You know the story: a once respected subculture is pushed to the mainstream. It turns unbearably saccharine, gimmicky, and annoying. I had a falling out with mainstream EDM faster than you can say “trap,” and quickly found solstice in the patient beats of techno, house and all of their meditative, psychedelic subgenres.
Apparently, I wasn’t the only one with this trajectory. As Movement Festival returned to Detroit’s Hart Plaza on Memorial Day Weekend, Saturday-Monday, May 26th-28th, it was evident that the techno crowd was a constantly growing and evolving one. The festival brought in a fascinating blend of basement techno-nerds, rave veterans, children, ex-Kandi kids, and everything in between. The atmosphere was respectful and open without compromising drive and energy – all stages were full but not packed, no one was pushing to the front, and most importantly everyone was dancing.
While other major electronic festivals try to generate originality through lasers and tricks, Movement Festival created a distinctive atmosphere by remaining effortless and unassuming. Like the techno itself, the industrial, minimalistic layout of Hart Plaza made the three days feel less of an escape and more of integration into everyday life. It should be noted though that almost all the stages were quite conspicuous and literal: Stargate Stage, which stood perpendicular to an enormous stargate; the Pyramid Stage faced a concrete, climbable pyramid allowing fans to be eye level with the artist; Resident Advisor’s Underground Stage was – you guessed it – underground. And while the distances between stages weren’t far, the sound isolation was surprisingly good. More importantly, the ease of access to each stage made it incredibly easy to discover new music and artists you would’ve otherwise skipped.
As the birthplace of techno, the city of Detroit holds a lot of significance for this festival. In some sense, the Movement can be seen as homage to the deep connection between Detroit and techno music. For instance, on Saturday and Sunday, the Stargate Stage hosted a series of venerated Detroit artists such as Stacey Pullen and Kevin Saunderson. Grammy-nominated artist Carl Craig gave a set to remember on Saturday evening at Stargate. With Jon Dixon on the keyboard, Carl Craig mixed a set that referenced everything from soul to hip-hop to George Clinton.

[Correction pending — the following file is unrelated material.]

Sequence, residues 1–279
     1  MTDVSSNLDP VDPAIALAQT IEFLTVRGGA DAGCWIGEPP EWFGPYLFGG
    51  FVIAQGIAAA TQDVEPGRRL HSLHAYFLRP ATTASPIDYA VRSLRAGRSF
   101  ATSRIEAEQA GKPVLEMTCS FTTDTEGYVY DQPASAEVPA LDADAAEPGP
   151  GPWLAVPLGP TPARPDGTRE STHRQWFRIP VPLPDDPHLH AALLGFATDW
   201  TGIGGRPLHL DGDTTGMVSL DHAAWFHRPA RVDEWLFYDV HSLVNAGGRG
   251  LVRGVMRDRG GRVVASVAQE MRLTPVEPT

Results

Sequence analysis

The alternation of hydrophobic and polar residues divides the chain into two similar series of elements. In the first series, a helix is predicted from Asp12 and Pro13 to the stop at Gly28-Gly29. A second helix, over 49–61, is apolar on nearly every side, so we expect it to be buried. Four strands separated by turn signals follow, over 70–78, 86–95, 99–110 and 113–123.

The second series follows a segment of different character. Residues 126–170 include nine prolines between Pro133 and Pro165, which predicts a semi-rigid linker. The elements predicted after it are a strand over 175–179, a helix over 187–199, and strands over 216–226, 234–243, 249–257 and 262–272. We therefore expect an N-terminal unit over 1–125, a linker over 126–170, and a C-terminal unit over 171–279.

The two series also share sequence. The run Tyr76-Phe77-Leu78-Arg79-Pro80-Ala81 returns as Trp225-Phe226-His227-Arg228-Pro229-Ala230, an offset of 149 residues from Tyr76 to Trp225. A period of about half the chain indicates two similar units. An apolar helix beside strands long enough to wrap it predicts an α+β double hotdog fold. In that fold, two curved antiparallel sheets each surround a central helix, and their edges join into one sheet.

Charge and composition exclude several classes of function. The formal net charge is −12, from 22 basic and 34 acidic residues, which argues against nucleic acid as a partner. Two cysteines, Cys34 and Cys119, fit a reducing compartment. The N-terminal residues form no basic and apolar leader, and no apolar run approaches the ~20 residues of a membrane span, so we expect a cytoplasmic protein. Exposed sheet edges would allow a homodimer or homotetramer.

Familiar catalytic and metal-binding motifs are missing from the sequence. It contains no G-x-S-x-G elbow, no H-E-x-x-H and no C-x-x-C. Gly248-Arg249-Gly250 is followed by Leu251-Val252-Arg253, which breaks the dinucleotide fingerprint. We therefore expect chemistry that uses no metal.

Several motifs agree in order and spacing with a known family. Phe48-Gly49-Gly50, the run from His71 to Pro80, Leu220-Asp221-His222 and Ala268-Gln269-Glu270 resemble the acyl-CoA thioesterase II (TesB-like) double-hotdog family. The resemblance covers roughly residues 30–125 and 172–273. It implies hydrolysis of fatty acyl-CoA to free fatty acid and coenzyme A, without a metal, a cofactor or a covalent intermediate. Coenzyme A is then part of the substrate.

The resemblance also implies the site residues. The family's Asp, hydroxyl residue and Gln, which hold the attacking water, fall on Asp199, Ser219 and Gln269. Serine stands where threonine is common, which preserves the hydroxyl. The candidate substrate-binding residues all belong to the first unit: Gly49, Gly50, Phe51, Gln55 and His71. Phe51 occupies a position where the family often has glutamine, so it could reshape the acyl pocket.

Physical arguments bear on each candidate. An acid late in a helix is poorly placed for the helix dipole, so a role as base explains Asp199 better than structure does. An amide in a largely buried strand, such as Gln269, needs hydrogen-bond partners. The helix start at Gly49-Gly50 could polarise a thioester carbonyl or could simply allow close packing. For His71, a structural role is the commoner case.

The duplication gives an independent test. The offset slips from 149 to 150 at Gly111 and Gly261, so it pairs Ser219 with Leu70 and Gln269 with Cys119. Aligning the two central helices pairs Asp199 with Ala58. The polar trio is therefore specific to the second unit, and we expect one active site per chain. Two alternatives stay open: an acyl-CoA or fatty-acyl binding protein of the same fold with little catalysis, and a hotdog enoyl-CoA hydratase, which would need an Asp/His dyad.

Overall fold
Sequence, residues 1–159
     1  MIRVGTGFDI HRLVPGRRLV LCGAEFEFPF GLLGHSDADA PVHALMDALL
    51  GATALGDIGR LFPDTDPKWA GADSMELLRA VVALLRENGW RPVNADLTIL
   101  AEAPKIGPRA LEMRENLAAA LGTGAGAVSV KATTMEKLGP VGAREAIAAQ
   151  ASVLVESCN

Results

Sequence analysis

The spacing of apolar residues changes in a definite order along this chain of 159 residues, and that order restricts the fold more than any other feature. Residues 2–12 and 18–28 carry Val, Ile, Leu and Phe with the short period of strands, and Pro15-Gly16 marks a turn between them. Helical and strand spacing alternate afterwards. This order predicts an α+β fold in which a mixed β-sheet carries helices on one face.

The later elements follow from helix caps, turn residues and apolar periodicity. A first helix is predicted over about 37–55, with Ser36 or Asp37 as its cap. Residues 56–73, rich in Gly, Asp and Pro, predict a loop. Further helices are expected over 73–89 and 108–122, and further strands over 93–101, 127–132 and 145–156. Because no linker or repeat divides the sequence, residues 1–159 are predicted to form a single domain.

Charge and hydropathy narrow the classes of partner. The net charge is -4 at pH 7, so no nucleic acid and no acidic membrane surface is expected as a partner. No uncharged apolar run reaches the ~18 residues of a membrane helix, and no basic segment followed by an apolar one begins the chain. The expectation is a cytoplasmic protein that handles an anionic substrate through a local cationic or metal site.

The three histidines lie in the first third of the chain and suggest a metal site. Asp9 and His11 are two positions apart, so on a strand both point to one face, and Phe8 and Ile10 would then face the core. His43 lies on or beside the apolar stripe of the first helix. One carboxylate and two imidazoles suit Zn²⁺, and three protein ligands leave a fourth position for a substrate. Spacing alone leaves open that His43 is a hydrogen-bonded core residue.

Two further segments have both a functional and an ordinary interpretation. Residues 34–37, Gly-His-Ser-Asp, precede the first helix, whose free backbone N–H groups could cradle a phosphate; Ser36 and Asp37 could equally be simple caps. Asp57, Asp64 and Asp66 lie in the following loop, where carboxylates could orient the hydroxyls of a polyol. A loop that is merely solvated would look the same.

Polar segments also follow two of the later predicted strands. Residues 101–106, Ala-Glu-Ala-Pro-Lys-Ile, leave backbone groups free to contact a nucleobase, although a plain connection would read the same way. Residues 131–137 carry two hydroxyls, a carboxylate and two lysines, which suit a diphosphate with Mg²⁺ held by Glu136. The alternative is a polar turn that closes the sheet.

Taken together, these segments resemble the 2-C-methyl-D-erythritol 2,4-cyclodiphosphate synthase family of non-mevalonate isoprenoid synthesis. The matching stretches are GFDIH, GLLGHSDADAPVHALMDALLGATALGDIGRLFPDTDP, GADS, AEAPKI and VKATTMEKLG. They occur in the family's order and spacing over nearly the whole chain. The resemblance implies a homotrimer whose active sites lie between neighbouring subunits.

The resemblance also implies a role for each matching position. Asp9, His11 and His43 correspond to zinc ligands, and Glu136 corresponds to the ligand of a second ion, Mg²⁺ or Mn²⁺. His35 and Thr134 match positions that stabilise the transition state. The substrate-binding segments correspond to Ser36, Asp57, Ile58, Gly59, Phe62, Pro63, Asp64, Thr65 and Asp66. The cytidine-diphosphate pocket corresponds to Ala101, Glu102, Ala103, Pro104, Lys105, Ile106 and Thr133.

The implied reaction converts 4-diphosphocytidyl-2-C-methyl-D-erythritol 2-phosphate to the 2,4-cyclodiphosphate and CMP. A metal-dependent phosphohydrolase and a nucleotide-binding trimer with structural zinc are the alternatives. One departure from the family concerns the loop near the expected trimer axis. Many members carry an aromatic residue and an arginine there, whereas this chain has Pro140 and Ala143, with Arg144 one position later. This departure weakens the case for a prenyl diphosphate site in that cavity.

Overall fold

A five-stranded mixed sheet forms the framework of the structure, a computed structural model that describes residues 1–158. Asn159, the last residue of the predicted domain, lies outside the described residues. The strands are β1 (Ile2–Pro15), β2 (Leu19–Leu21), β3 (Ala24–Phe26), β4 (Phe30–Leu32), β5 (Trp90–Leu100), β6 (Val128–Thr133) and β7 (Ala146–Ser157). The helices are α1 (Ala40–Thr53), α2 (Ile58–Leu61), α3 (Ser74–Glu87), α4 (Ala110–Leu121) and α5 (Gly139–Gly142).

Movement’s tribute to Detroit didn’t simply stop with DJ sets. Ghostly International‘s Shigeto, a Detroit / Ann Arbor native, brought in a series of drums, brass instruments, and a tenor saxophone to play soulful dance music studded with hip-hop and samples of Laurence Williams. He closed out his Sunday evening set with his very raw, glitchy track “Don’t Trip”. Live music came soon after at the Red Bull Stage with Detroit’s Will Sessions. His silky vocals were accompanied by Amp Fiddler featuring the Dames Brown trio.
There were also plenty of Berlin artists on the bill as well. The most memorable by far was Deutschland’s favorite techno uncles Modeselektor, who drew in a very enthusiastic crowd at the Red Bull Stage Sunday evening. Their DJ set incorporated everything from electro-house to driving, bass-heavy techno. Sebastian Szary frequently stepped up to the audience to make exaggerated, drunk-uncle-like gestures to rev up the crowd. Of course, they featured Moderat songs like “Bad Kingdom“ and “A New Error“ and Jon Hopkin’s “Emerald Rush“. Bpitch Control founder and fellow Berliner Ellen Allien played at the Pyramid Stage on Monday, throwing in acid techno flooded with images of the Berlin skyline.
Movement’s only enclosed stage was the Resident Advisor Underground Stage. It’s intimate and smoky atmosphere was reminiscent of an unassuming warehouse party, and proved to be an excellent space to host a number of forward-thinking producers from around the globe. One of its most popular sets featured young Belgian producer Charlotte de Witte, who swept the audience with her aggressive, headstrong techno. Brooklyn techno purveyor and founder of Mutual Dreaming parties, Aurora Halal, brought in her dedicated, playing shadowy, psychedelic tech-house down under as well.
Movement Festival proves that is still possible for a genre to amass popularity while preserving your connection to the subculture. There’s no doubt Movement Festival will continue to grow for years to come as its roots in techno grows deeper and deeper.